Company executives’ fear of fraud highest in China
Executives in China are more afraid of risks of fraud than anywhere else in the world, finds a survey conducted by commercial investigative firm Kroll.
Some 73 per cent of China-based executives in the Kroll annual survey said they were affected by fraud, marking a 6 per cent increase from last year. The annually held global survey interviewed 768 senior executives worldwide.
China ranks the most vulnerable in 9 out of 11 fraud types, with 87 per cent of Chinese executives saying they are vulnerable to theft of physical assets or stocks, much higher than the global average of 62 per cent.
Eighty-one per cent of Chinese executives worry about theft of their corporate information, compared with the global average of 51 per cent. Some 81 per cent of Chinese executives also worry their companies face the risk of corruption and bribery, compared with the global average of 40 per cent.
The other risks that haunt Chinese executives are: cheating by their suppliers (74 per cent); having their intellectual property stolen (71 per cent); internal financial fraud (69 per cent); misappropriation of company funds (69 per cent), conflict of interest (65 per cent) regulatory compliance (65 per cent); market collusion (64 per cent); and money laundering (63 per cent). Comparable global average on these counts range between 26 and 49 per cent.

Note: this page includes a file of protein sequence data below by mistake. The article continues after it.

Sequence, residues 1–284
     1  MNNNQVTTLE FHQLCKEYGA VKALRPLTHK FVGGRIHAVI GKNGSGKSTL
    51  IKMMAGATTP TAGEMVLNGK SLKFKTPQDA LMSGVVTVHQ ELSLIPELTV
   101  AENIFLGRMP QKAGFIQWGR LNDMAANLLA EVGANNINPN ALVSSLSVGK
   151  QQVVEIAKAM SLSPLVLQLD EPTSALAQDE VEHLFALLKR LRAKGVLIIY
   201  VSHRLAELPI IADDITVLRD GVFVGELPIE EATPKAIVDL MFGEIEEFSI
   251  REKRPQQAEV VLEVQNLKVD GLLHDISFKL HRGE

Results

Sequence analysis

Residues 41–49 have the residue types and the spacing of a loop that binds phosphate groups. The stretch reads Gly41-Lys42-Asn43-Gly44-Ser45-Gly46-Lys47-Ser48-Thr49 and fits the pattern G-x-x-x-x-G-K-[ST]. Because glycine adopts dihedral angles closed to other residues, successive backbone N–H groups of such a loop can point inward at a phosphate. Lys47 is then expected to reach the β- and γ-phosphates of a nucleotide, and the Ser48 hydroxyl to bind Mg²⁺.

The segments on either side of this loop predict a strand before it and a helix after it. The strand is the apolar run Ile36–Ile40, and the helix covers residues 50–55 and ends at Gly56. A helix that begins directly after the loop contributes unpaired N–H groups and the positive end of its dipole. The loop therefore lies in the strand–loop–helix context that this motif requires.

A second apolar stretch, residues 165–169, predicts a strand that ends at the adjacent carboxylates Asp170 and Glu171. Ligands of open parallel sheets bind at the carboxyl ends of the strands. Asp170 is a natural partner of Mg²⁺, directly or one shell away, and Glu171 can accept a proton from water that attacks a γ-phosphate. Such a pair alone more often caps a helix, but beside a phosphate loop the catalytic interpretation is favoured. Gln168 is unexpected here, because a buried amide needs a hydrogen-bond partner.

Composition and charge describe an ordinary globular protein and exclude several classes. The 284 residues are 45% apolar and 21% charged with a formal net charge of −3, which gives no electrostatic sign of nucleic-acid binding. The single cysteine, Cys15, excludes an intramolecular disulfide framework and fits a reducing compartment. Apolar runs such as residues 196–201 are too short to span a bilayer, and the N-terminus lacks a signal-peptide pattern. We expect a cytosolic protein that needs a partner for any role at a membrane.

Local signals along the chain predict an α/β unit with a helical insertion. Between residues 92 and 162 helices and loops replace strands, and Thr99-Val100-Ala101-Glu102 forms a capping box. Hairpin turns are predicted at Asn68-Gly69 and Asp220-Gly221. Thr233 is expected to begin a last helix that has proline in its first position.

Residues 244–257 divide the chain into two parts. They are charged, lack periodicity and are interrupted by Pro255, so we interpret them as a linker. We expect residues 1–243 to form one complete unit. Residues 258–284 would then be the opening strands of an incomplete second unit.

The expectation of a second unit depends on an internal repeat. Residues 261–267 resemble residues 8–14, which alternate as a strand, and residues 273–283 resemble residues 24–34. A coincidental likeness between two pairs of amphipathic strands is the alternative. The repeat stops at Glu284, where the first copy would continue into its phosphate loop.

Derek Lai, a managing partner at Deloitte, said China is still an emerging market where the corporate governance culture is yet to mature.
“To prevent fraud, companies need to have very good internal controls and corporate governance culture. But most companies on the mainland are still focused on making money and developing their business, paying little attention to risk controls,” Lai said.
Patrick Rozario, managing director of advisory services at accounting and consulting network Moore Stephens, said China has many laws and regulations to prevent fraud. “However, there is a lack of enforcement of these regulations. As such, companies worry about fake goods from suppliers or being cheated by staff or partners,” Rozario said.
“To improve the situation, China would need to step up enforcement. It should also educate people about the importance of internal controls.”
Colum Bancroft, managing director of the Hong Kong office of Kroll, said that despite the high vulnerability figures, respondents in China are not investing in appropriate anti-fraud strategies.
Some 35 per cent of Chinese executives in the survey said they have invested in staff due diligence, a surprisingly low figure for a market where insiders account for 72 per cent of fraud cases.
only 53 per cent of Chinese executives said they have hired companies to do due diligence on their partners or vendors even though 74 per cent of them said they feel vulnerable to fraud by vendors and suppliers.
Globally, the survey showed three-quarters of companies have fallen victim to an incident of fraud in the past year, a rise of 14 percentage points in three years.